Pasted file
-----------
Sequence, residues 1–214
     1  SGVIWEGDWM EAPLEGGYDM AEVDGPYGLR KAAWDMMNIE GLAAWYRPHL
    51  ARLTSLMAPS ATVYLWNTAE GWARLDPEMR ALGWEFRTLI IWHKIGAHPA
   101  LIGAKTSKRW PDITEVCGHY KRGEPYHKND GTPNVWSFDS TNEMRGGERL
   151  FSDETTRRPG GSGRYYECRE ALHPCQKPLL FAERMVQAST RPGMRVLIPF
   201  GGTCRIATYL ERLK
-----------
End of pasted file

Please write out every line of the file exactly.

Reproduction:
Sequence, residues 1–214
     1  SGVIWEGDWM EAPLEGGYDM AEVDGPYGLR KAAWDMMNIE GLAAWYRPHL
    51  ARLTSLMAPS ATVYLWNTAE GWARLDPEMR ALGWEFRTLI IWHKIGAHPA
   101  LIGAKTSKRW PDITEVCGHY KRGEPYHKND GTPNVWSFDS TNEMRGGERL
   151  FSDETTRRPG GSGRYYECRE ALHPCQKPLL FAERMVQAST RPGMRVLIPF
   201  GGTCRIATYL ERLK